The US Department of Veterans Affairs (VA) offers a wide range of benefits for American veterans, but veterans are not always clear on what benefits they’re entitled to — a problem exacerbated by the time that may elapse between military separation and when veterans first seek to use VA benefits. During their launch year, our partners at VA’s Veterans Experience Office sought to better understand veterans’ lifelong journey with VA benefits and then to explore how to foster more positive and effective interactions by improving Veterans’ initial ‘onboarding’ experience to VA.
The project team spent 18 months on a cross-country journey to research and understand the needs of Veterans and their families. We also sought to understand the needs of VA employees who deliver those services every day.
The team curated a research sample of over 150 Veterans from around the country before conducting a round of in-depth ethnographic interviews with 39 participants. Beginning with qualitative research—interviews, stimuli activities, and environmental observations—the team generated a comprehensive perspective of the life and needs of Veterans across multiple geographies, life stages, and areas of service. Ethnographic field research on Veterans and their support networks provided the team with a detailed perspective of Veterans: who they are, what they need and hope for, and how they behave.
In addition to veteran-facing communication materials and guides, we also created a suite of design tools to drive strategic management for the newly launched Veterans Experience Office.
To help veterans answer the question “What can VA do for me?,” we explored new ways to orient both recently separated and long-time veterans to VA benefits and services. We designed and tested a welcome letter and other communication materials that give veterans a broad overview of when and how VA might be useful in their lives.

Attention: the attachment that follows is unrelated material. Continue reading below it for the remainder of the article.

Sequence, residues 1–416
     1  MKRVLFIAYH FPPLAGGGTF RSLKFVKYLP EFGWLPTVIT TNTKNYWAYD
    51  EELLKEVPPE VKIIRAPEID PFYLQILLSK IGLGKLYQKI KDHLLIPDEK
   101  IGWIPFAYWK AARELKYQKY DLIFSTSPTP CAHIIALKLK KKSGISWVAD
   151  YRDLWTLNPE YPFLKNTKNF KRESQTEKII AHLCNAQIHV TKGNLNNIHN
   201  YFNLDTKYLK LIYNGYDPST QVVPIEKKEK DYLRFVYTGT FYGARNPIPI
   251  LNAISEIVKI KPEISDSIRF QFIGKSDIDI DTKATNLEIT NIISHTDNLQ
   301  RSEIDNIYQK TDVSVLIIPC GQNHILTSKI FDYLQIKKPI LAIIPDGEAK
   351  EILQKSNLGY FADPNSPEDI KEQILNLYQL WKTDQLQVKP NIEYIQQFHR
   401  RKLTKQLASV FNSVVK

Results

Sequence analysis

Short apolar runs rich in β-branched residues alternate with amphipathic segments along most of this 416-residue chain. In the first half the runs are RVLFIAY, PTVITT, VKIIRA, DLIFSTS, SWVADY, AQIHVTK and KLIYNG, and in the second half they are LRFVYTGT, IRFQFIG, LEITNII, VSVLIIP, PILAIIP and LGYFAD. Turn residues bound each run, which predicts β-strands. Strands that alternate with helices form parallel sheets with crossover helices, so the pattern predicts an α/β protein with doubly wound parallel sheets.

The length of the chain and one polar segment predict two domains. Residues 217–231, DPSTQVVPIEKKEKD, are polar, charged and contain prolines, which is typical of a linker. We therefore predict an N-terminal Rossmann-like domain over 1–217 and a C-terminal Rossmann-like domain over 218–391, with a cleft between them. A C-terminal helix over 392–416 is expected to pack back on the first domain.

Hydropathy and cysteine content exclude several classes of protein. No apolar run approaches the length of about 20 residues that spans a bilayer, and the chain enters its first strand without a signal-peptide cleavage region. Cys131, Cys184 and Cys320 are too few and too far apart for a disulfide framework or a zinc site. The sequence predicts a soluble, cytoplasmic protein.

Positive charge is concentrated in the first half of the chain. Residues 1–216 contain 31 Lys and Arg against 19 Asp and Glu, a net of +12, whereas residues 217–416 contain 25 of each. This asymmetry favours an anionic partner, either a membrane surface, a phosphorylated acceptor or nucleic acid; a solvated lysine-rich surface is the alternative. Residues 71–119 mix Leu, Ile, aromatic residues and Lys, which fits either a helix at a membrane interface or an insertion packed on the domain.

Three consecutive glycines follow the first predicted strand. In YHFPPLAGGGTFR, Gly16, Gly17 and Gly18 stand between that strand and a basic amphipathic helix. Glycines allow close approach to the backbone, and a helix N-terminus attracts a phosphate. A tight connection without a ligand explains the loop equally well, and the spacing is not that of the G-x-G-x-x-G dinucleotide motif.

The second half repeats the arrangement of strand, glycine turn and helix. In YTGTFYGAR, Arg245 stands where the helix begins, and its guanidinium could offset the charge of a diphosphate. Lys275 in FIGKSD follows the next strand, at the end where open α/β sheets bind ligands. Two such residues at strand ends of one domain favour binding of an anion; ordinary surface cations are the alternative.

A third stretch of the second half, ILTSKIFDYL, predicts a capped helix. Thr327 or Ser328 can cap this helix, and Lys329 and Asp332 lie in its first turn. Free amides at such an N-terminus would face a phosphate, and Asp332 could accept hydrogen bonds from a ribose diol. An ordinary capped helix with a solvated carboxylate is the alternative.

To help veterans answer the question “How can I get help for specific needs?,” we created tools to guide veterans in taking immediate steps to access particular services, such as obtaining primary health care or applying for disability compensation. We tested step-by-step checklists to access a benefit or service, as well as other key pieces of information about eligibility and related programs.
We also participated in creating a suite of design tools for use by the newly launched Veterans Experience Office. These tools are intended to be used to drive strategic planning and decision-making across the VA ecosystem, to foster empathy with employees, to build a shared language between veterans and VA, and ultimately help change the way VA offers services to better meets veterans’ needs.
The final report summarizes our 18-month journey using human centered design to develop better services and experiences for veterans.
The welcome materials and checklists that we designed are now available to millions of veterans in the form of the VA Welcome Kit, which is being distributed nationwide in hard copy and is also available for download from VA’s website. The VA’s Veterans Experience Office continues to center the experience of Veterans in the design and delivery of VA services.